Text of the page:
Wildlife column: What’s that smell?

By Cheryl Conley, TWRC Wildlife Center

My all-time favorite cartoon character is Pepé LePew (pronounced pā-pā luh pū). For those of you who don’t know who I’m talking about, Pepé is a French skunk that is in constant pursuit of love but because he doesn’t smell very good, he often comes up short in the love department. If the ladies could just get past his smell, they might find he’s not such a bad guy.

It is true that skunks are the primary carriers of rabies in Texas and it is true that there’s nothing worse than trying to get the odor out when your dog gets sprayed, but skunks do serve a purpose. They are highly beneficial to farmers, landowners and gardeners because they are natural pest control agents. They feed on grasshoppers, grubs, beetles, crickets, mice, rats and moles, and since they are nocturnal, they feed mostly at night.

Skunks are nocturnal, solitary, mild-mannered creatures. As is the case with most wild animals, they just want to be left alone. Skunks spray other animals or humans when they feel threatened and only as a last resort. They will give some warning signals, however, before spraying. It will lower its head, arch its back, and lift its tail, except for the tip, which hangs limp. If the enemy doesn’t get the message, the skunk stomps its front feet and then lifts the tip of the tail and is ready to spray. However, if surprised or threatened, the skunk will spray without warning.

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Their spray can reach up to 10 feet and in addition to the smell, the spray is intensely irritating and can cause temporary blindness. And don’t think you can’t get sprayed unless the rear end is facing you. Skunks can shoot to the right, left, front and back without turning around. If you happen to come across a skunk, the best advice is to stand completely still. Once the animal realizes you are no threat, it will go about its business and you can quietly move away.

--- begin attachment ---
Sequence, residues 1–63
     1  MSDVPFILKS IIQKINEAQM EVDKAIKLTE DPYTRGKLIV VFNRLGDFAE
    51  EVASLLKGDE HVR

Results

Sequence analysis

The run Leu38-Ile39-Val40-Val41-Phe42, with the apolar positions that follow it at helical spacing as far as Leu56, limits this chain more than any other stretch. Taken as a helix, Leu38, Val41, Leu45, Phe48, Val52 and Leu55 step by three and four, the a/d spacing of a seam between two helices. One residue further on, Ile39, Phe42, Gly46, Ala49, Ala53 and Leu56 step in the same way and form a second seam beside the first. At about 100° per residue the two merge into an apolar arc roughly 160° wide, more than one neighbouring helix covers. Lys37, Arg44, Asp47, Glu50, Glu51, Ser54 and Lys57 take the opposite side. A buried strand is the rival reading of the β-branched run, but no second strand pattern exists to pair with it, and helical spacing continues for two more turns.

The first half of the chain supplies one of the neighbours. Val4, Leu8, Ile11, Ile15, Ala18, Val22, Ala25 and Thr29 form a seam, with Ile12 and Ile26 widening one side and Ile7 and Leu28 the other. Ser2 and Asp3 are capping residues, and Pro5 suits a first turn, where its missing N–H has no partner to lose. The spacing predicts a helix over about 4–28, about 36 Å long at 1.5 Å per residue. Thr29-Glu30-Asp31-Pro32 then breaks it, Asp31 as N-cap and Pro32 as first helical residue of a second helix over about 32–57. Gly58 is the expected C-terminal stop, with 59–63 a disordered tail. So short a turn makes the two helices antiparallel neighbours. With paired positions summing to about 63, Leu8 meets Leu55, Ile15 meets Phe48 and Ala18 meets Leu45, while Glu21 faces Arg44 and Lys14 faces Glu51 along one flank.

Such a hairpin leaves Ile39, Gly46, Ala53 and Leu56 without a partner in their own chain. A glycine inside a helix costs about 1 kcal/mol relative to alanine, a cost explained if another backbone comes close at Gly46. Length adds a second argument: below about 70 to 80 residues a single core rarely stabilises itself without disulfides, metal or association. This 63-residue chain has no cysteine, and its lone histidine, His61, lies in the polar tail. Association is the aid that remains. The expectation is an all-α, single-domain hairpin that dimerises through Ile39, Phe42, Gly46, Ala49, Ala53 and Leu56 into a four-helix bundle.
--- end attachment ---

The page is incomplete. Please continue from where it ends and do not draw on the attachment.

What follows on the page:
Just like raccoons, squirrels and opossums, you may find that skunks have taken up residence in your garage, in crawl spaces, under houses, porches or decks. If you find one between April and September, chances are very high that you have found a mother with babies. So what are your options? The best one is to do nothing at all and wait until fall. By then, the babies will have left and Mom has moved on. After September, find the access point and block it. If you’d rather not wait until fall, here are some options to encourage her to move out. Skunks like to give birth in dark, quiet places so let’s make the area light and noisy! Place a bright light and a radio tuned to talk radio near her entrance point. You can also soak some rags in ammonia or apple cider vinegar, put them in a plastic bag that you have poked holes in and hang the bag near the entrance. Now, be patient. It’ll take a few days for her to move out with her babies but she will move.

Please remember that we, as humans, cause far more problems for our wild neighbors than they cause us. We urge you to learn to live in harmony with wildlife and use humane solutions when conflict arises. TWRC Wildlife Center is here to help you solve your wildlife issues. Give us a call or check our website: 713-468-TWRC or www.twrcwildlifecenter.org. Be sure to follow us on Facebook, too!

Oh, and by the way, should your dog get sprayed by a skunk, here’s an option for you:

  1. Combine 1/2 quart hydrogen peroxide, 1/8 cup of baking soda, and 1 teaspoon liquid dishwashing soap in an open container.
  2. Run some warm water in your tub and put the dog in it.
  3. Apply the solution liberally throughout your dog’s coat and suds him up well (to the skin). Avoid getting any solution in his eyes.
  4. Rinse your dog well, drain the tub, and rinse well again.
  5. Follow up with a pH-balanced shampoo and conditioner for dogs. Rinse well to remove all residue.

A widespread myth that tomato juice will cut through the smell is false. Tomato juice does not work.

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